Review Summary: An album that seems to just fly by lifelessly for much of its duration, with only a couple of bits that leap out
Satyricon are one of the best known and most influential bands to the black metal scene. Whilst they have more recently become famous (and infamous within their native scene) for selling out and moving toward more of a commercial style of hard rock music with black metal elements through their single K.I.N.G. , their is still no denying the impact their first few albums had.
They are a band that has released numerous albums to this date, and albums like Nemesis Divina are seen as being among the best in their ***ing genre. True Tier 1 black metal; black metal that inspired legions of bands to attempt to rip off the heavily Satanic, aggressive sound. By the time of the release of their fourth studio album however, it was clear that they were not going to stay with the black metal sound they had helped to pioneer before. This was a turning point for the band, in which they at times showcased more of an industrial influence, and even occasional signs of their hard rock sound that was to come seeped through. At face value, however, their fourth studio album is still rooted in their black metal style nearly from cover to cover, and it is just a few moments that show what would come later to them. The vocals from Satyr are still the ***ing high pitched shrieks many love from the band, the hyper-fast blast beats and lightning quick tremolo picked guitar lines are present and correct, there are just certain niggles in their sound.
It is sadly the incorporation of other elements that ensures this release does not live up to their past works. Whilst the black metal riffs on songs like the ten minute opener sound nice and full of energy, the slower portion in the middle of that track does this release no favors and completely ***s this album over. The hard rock beats that seep through at times are probably the most annoying thing about this, however, and makes you wonder what was going through the bands head.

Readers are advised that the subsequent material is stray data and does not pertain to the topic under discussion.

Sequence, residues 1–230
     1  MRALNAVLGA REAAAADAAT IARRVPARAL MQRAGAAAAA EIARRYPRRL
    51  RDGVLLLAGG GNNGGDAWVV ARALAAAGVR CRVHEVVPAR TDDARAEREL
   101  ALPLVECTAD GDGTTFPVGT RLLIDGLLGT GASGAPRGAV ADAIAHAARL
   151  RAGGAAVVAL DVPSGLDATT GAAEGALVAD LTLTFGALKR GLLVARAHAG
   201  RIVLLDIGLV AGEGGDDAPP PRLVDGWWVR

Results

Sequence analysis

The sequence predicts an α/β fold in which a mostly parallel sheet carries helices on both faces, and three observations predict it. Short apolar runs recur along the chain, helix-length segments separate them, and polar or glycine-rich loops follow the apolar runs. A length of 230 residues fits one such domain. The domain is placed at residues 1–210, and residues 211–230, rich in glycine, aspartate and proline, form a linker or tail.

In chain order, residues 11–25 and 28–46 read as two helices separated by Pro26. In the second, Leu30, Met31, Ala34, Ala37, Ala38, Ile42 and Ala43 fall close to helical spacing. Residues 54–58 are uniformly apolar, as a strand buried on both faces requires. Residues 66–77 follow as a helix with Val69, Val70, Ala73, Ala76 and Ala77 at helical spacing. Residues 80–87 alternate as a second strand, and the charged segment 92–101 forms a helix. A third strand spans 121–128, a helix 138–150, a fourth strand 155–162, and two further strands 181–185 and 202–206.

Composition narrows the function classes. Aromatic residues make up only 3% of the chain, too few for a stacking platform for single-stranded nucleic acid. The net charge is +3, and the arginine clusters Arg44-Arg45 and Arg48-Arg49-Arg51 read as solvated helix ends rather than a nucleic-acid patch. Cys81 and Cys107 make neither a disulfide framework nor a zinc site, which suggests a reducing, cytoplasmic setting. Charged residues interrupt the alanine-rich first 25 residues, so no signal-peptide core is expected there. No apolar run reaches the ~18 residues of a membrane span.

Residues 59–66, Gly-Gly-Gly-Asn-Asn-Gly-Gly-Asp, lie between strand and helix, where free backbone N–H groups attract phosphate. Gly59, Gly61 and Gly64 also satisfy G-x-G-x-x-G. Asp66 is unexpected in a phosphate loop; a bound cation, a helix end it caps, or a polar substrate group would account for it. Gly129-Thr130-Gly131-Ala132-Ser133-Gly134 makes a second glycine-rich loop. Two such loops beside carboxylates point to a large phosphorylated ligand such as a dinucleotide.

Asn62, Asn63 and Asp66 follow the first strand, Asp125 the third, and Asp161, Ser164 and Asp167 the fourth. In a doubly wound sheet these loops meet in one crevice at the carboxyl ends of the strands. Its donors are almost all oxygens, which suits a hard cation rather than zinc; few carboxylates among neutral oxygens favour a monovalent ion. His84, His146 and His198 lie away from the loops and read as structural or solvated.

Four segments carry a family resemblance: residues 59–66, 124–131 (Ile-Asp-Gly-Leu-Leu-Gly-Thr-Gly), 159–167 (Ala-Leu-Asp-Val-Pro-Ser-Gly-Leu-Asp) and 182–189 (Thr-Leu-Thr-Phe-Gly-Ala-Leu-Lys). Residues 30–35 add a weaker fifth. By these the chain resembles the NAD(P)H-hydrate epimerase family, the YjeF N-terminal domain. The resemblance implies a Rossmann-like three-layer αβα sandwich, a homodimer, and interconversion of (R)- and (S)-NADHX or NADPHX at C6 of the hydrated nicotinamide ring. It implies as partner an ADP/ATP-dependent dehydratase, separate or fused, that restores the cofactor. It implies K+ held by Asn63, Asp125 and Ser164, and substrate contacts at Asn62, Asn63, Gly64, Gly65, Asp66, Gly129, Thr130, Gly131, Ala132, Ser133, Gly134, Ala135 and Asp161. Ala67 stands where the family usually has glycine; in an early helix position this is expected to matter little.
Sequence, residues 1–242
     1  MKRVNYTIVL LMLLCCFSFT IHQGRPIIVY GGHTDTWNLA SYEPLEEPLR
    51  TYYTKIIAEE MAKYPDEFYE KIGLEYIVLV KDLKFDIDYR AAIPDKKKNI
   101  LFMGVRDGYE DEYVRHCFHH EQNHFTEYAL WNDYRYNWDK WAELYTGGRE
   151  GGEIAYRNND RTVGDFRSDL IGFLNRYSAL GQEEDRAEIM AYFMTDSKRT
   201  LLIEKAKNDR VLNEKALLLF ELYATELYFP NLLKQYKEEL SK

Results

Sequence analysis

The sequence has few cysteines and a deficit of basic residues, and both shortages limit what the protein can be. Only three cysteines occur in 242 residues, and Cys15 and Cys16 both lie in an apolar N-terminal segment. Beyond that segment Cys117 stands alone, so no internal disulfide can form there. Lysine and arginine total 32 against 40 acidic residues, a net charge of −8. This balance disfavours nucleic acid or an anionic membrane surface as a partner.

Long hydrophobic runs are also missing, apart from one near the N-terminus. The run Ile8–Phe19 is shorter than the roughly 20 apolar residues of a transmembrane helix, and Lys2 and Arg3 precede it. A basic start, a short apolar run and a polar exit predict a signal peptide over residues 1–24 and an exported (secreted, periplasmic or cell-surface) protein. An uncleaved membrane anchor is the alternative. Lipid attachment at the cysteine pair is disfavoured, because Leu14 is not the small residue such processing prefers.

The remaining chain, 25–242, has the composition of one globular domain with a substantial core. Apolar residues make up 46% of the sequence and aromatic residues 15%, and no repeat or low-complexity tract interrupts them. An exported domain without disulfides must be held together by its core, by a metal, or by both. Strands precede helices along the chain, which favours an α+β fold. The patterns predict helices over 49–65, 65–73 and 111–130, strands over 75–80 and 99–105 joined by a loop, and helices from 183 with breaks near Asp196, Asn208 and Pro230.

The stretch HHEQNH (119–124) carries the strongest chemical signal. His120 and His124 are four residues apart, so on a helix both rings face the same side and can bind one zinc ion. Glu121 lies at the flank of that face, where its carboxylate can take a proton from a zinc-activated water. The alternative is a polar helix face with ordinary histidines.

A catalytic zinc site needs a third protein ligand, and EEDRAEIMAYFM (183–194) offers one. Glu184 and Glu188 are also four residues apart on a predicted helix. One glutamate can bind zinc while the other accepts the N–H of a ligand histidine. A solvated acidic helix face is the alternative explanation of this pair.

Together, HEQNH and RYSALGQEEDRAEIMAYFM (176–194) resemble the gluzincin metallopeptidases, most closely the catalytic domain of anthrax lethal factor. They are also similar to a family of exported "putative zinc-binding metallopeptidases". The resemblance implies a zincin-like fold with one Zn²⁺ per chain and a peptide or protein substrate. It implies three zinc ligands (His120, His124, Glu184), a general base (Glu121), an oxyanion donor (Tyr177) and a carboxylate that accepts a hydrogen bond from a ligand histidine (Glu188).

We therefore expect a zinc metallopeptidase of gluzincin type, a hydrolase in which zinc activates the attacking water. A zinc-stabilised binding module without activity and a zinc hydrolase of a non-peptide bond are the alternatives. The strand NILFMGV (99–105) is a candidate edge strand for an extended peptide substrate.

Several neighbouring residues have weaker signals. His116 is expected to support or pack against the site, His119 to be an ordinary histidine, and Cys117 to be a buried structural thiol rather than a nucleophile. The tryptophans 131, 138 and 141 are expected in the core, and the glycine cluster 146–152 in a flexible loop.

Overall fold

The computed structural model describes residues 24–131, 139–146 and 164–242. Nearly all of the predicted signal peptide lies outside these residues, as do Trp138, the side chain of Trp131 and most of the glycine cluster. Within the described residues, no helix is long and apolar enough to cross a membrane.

This is also a release that is over-drawn to the point of becoming boring. It clocks in at just over an hour in length which is far too long for a release of this nature. Whilst Satyr's vocals in particular sound cold and angry as always and command attention from cover to cover, some of the tracks are just too long. Of the ten songs here, only three or four are fine at the length they are, two could have been cut in half and one could have been axed entirely to help this release flow a little better. The shoe-horned in guitar solo near the end of the opening song is one of the worst sounding things out there as the song fades out and really shouldn't have been an aspect that the band even considered using on a song like this, especially when it is ten minutes and is better suited to being four minutes.
Satyricon's fourth studio album is a mixed bag of an album that definitely has some good aspects but just feels too dull at times. Filthgrinder is probably the best song here, with its technically proficient guitar work and varied drumming with monster fills at the start, but this album in general is one that only die-hard fans of the band should check.